The poem expresses the theme that simple moments can have extreme beauty and can soothe our souls for a long time afterwards if we stop and pay attention.
In this poem, the song of a woman reaping by herself in a field in the Scottish highlands catches the attention of the narrator, who is hiking nearby. He has to make a decision to keep moving or to pause and listen:
Stop here, or gently pass!
This seemingly simple choice is important to the narrator. He decides to stop and listen and doesn't regret this decision. Because he concentrates on hearing her, he is emotionally moved by the beauty of the reaper's sad, lamenting voice filling the air.
The narrator doesn't understand the words the reaper sings, so can only speculate what they mean, but this doesn't matter to him. The reaping woman's song conveys strong emotion and becomes, to the narrator, a sublime ("thrilling" and inspiring) part of nature.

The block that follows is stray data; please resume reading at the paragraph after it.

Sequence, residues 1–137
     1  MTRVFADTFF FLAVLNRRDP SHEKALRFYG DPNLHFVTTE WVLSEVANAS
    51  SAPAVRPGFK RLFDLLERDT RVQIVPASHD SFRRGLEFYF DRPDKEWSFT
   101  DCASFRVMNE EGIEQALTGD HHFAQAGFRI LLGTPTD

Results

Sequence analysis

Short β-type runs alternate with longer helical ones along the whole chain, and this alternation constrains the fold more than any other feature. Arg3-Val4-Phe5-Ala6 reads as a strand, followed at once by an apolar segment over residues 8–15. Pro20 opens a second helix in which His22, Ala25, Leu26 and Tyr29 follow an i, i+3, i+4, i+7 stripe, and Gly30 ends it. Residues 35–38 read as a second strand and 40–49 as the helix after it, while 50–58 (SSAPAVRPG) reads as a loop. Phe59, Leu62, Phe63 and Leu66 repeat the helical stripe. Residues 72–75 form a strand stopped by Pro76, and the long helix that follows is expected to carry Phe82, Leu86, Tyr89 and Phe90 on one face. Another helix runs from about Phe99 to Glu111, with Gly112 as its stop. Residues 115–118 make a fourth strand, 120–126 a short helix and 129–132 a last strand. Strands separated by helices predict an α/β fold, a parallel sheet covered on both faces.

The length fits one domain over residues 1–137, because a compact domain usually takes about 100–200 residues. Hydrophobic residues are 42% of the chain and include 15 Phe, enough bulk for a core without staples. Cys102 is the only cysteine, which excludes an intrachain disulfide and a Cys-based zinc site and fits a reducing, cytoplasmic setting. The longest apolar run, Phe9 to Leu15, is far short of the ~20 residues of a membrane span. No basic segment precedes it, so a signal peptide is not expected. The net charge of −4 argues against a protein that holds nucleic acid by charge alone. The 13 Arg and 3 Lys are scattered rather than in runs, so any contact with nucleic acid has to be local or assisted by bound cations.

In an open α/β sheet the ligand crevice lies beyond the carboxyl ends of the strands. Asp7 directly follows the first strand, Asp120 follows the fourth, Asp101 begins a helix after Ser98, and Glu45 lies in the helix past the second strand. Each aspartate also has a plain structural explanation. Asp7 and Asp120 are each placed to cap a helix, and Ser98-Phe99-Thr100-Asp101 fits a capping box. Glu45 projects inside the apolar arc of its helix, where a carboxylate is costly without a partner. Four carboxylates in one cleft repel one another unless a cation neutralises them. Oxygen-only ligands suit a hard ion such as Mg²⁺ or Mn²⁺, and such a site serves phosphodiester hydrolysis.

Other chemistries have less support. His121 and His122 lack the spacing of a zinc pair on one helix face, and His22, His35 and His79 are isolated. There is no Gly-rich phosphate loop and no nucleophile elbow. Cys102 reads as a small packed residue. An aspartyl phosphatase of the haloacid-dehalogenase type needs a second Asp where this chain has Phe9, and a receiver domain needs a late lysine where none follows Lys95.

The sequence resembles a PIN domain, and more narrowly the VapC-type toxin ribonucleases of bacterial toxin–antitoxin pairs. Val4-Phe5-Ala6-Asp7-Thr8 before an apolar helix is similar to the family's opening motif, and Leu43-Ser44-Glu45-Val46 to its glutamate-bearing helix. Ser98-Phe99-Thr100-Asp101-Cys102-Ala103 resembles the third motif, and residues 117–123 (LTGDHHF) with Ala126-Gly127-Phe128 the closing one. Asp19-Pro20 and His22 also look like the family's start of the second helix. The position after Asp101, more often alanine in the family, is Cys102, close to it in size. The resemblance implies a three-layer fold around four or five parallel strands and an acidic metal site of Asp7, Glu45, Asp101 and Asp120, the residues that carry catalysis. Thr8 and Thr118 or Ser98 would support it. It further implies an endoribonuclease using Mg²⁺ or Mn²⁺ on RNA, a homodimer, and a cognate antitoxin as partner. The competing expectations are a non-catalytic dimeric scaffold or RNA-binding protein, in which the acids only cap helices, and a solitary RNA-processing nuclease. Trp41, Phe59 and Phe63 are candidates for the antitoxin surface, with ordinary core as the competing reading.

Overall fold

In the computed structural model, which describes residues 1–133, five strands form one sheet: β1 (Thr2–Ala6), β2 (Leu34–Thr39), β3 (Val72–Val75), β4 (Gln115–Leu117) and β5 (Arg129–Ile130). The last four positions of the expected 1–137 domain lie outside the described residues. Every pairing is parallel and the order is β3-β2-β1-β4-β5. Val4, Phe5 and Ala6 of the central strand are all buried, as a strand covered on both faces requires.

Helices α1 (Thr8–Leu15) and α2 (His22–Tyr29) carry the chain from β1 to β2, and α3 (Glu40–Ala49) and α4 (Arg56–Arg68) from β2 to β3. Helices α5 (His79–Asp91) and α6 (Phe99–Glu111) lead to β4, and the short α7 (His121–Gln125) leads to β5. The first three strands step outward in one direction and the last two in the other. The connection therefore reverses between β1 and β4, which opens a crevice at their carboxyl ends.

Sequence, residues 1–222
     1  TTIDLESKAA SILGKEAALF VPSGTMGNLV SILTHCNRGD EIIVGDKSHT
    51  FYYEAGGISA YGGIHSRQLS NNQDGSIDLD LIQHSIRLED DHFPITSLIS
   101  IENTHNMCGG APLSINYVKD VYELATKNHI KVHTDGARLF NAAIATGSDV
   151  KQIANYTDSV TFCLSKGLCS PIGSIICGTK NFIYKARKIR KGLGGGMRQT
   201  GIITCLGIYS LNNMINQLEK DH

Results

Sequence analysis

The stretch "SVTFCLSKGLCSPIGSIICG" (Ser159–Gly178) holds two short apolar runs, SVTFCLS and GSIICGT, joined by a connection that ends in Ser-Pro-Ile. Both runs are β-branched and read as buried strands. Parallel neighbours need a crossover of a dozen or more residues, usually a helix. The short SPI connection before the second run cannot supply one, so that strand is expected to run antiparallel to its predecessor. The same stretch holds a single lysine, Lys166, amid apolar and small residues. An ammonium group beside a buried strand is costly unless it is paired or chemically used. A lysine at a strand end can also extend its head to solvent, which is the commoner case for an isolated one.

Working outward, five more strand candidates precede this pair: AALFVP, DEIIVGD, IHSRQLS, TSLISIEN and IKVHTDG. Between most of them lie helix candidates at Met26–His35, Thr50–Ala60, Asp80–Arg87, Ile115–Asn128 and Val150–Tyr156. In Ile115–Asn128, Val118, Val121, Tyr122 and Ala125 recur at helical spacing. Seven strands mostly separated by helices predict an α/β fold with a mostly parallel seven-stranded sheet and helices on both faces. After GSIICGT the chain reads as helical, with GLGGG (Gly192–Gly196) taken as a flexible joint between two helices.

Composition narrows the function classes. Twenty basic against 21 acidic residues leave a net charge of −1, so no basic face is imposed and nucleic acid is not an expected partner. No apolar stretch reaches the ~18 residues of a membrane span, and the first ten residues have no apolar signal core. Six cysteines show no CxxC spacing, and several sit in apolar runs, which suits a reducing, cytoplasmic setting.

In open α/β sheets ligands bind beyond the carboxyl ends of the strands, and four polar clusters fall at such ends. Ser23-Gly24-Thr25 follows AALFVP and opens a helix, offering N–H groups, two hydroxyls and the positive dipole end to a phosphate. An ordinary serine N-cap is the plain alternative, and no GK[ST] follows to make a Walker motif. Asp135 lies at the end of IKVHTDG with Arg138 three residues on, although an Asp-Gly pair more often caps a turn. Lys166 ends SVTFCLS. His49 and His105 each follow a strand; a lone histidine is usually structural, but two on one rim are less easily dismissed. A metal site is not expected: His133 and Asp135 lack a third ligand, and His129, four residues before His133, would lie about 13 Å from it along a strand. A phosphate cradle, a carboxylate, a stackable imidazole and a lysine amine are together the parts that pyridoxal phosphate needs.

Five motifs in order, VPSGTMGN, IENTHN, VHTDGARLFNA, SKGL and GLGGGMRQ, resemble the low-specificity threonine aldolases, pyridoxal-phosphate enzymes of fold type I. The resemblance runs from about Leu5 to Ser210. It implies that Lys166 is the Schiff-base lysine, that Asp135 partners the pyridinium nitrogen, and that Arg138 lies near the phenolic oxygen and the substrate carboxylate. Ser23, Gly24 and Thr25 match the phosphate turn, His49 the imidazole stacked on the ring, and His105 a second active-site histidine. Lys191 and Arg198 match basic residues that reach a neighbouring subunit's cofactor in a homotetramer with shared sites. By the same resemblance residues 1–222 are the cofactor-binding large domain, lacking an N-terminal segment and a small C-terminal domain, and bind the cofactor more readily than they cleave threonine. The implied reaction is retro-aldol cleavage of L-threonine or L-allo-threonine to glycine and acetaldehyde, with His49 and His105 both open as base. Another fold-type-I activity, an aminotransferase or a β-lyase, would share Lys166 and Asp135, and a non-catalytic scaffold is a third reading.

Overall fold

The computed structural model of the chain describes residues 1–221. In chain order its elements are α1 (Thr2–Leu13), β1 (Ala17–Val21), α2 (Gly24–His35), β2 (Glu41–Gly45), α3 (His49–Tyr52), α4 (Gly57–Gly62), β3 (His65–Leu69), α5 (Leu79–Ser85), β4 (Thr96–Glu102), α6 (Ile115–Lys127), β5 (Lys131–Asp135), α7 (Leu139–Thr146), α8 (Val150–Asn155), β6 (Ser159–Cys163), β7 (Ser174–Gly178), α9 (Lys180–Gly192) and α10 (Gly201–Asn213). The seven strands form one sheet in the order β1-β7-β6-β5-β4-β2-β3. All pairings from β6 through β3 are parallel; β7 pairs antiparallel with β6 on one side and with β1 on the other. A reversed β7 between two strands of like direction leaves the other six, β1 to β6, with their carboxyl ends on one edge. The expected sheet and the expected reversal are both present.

Wordsworth (along with Coleridge) hoped to elevate everyday experience and the common laboring person in the minds of his readers, as well as to celebrate nature itself. This poem does both. Wordsworth, as he stated in the Preface to Lyrical Ballads, the book of poetry credited with launching the Romantic movement in England, also defined poetry as a "spontaneous overflow of powerful feelings" recollected in tranquility. At the end of this poem, he expresses a version of that idea:
The music in my heart I bore,
Long after it was heard no more.